The confidence he developed on his own through years of proving himself in the field of competition, growing up in the sleepy south Arkansas town of Warren. In characteristic fashion, Fellows capped his athletic achievements as a two-way star on consecutive state championship teams. Then with the flair of a man who knew where he was going, both physically and metaphorically, he chose the early hours after the Lumberjacks captured their second straight class 3A crown to announce he was going to a place he'd never been before — the University of Tennessee.
Least you take Fellows' actions as impulsive, remember that faith was the other factor of his decision-making formula. And a not insignificant portion of his considerable faith was placed in Tennessee assistant coach Steve Caldwell who recruited Fellows for the Volunteers.
"I think we all grew a great relationship with Coach Caldwell," Fellows said. "I know I have. I practically love the guy."
The faith Fellows placed in his relationship with Caldwell was rewarded on his first visit to UT, where he found the athletic and academic Eden the coach had described to him during their frequent talks over the last 18 months.
"It went great," Fellows exclaimed. "I had a great time. I knew the University of Tennessee was a great place, but I didn't know it would be anything like that. I mean I had a great time."
Fellows had been as far east as Nashville, but he had never crossed the Cumberland divide or gazed upon that collegiate jewel sitting on The Hill, bordered by winding banks of the Tennessee River, nestled in meandering western slopes of the Great Smoky Mountains, graced by nature's splendor every season of the year.
On Saturday, the UT campus was adorn by the remnants of a winter storm, cloaking the campus in a shroud of snow that glistened like a pristine prism under the bright lights of Neyland Stadium, where prospects dined from a skybox and drank in stunning vistas.
"It really was my first time there," said Fellows. "I had been to Memphis before and actually been to Nashville, but never Knoxville. It was a great place to be."
Asked what surprised him most about the visit, Fellows responded: "The campus. It's enormous. It was huge I'm telling you. The whole west of Knoxville was campus."
Perhaps the most reassuring aspect of his official visit was the high comfort level he felt around his future teammates and coaches. Overall, it was convincing enough to prompt Fellows to drop plans to visit Arkansas this weekend.
"I liked how the coaches and players kind of took everybody in," he said. "You're a family up there. I liked it. It kind of put the icing on the cake so I'll cancel all my other trips. I was scheduled to go to Arkansas this weekend, but I think I'm going to tell them to back off. I'm where I want to be."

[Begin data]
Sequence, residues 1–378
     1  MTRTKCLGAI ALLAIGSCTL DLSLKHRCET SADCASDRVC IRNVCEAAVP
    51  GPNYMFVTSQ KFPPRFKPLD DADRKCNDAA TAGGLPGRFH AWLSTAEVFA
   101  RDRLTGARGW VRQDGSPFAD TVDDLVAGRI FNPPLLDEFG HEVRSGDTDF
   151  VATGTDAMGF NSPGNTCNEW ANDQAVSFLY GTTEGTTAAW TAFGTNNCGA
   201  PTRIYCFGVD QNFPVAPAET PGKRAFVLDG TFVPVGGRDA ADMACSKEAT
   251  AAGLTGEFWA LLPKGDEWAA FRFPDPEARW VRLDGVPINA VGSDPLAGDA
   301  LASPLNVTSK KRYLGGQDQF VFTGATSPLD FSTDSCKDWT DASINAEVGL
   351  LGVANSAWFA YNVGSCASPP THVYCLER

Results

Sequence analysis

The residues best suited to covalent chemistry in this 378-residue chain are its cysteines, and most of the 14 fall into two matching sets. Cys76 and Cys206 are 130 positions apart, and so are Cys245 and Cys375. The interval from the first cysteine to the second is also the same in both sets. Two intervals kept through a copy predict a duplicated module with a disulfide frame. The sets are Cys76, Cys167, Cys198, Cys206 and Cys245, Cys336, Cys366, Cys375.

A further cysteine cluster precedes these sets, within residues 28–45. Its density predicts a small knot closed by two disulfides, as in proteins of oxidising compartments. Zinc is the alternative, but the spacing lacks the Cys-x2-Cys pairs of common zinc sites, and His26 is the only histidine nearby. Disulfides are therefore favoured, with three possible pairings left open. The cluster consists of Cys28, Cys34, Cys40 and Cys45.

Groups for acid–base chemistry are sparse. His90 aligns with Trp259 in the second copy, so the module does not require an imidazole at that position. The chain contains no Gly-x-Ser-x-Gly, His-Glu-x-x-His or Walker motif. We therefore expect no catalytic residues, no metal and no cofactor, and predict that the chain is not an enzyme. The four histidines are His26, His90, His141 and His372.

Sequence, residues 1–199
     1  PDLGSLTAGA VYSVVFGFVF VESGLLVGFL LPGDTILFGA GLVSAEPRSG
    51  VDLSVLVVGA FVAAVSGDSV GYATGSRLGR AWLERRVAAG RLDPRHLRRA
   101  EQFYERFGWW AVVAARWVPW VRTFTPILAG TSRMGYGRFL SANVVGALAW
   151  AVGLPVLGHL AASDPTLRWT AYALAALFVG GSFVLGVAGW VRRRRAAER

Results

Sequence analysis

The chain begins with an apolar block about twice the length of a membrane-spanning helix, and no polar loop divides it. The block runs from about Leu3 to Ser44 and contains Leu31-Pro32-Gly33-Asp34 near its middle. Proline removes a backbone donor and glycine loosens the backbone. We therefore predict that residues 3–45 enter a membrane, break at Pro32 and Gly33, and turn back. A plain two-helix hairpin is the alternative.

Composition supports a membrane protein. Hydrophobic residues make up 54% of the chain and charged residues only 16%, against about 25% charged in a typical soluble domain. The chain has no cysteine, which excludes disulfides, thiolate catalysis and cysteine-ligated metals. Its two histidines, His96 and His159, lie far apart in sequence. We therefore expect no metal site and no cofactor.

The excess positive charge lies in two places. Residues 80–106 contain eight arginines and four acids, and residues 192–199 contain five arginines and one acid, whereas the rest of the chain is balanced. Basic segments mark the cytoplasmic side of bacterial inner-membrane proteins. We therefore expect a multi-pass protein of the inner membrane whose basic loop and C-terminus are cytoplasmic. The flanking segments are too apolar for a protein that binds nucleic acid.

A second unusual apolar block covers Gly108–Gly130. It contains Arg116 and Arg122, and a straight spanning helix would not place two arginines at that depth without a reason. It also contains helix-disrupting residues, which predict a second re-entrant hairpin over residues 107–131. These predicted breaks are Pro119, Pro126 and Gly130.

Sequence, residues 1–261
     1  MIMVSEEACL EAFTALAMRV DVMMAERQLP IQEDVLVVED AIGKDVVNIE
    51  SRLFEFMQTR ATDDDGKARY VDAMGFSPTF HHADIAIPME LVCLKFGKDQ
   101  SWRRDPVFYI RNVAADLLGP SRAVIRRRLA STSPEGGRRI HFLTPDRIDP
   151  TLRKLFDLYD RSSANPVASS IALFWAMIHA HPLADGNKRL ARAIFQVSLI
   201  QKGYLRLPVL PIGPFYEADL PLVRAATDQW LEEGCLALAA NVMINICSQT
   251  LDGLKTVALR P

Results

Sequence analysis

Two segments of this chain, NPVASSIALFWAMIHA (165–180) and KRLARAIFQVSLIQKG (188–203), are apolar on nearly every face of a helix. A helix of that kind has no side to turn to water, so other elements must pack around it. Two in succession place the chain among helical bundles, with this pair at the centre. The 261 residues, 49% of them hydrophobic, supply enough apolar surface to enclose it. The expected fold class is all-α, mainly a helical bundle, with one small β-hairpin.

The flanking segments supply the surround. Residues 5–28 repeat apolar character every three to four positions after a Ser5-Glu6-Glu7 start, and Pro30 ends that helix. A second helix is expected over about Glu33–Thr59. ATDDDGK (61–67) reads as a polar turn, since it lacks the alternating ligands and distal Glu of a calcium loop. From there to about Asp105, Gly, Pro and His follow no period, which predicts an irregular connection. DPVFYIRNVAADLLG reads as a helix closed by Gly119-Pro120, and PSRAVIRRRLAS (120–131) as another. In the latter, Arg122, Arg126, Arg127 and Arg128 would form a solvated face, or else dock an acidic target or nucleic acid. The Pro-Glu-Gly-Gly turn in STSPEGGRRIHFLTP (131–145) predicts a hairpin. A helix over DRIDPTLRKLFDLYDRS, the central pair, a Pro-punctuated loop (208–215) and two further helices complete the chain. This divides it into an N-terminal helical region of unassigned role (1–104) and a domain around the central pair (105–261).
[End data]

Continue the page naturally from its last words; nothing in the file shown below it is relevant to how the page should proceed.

The visit reinforced the feeling of family he got from Coach Caldwell and removed any lingering doubts about his decision to leave home.
"I feel like I fit in," he said. "I've got another piece to the puzzle. It just felt like I was at home. I wasn't nervous to be there or anything. I wasn't in shock about it. I wasn't homesick. I was very comfortable."
Accompanying Fellows on his visit was teammate Bret Smith who is rated the nation's No. 18 wide receiver prospect and who played in the recent U.S. Army All-American Bowl. Another teammate, wide receiver Terrance Hampton, was scheduled to take the trip to UT too, but canceled on Friday. He appears to be headed to Arkansas while Smith remains uncommitted.
Fellows offered the following take on Smith's status: "Actually from talking to him and his mom, his mom plays a major part of his decision because he loves his mom very much and he wants to make sure she can see him play, I think since his mom has had a chance to sit down and talk to Coach Caldwell, she feels a lot better about Tennessee. So I think Bret is pushing more toward Tennessee. We've been to Fayetteville. I mean we haven't been on an official visit, but we know what's there."
Fellows said he enjoyed meeting with secondary coach Larry Slade and learning more about Tennessee's defense, as well as, the opportunity he might have to be a part of it.
"We had a nice talk with Coach (Larry) Slade," he said. "We sat down and watched film and talked coverages. They'll look at me at right corner first. They have a guy named (Jabari) Greer at the left corner and he's got that spot pretty sowed up, but the right corner is pretty wide open right now."
One approach that proved effective for Tennessee was having fellow Arkansans host the Warren duo, sharing their experiences at UT along with an ample sample of their active social lives.
When Fellows does drift off to sleep, he'll no doubt dream of the day he races into the big house of his new home.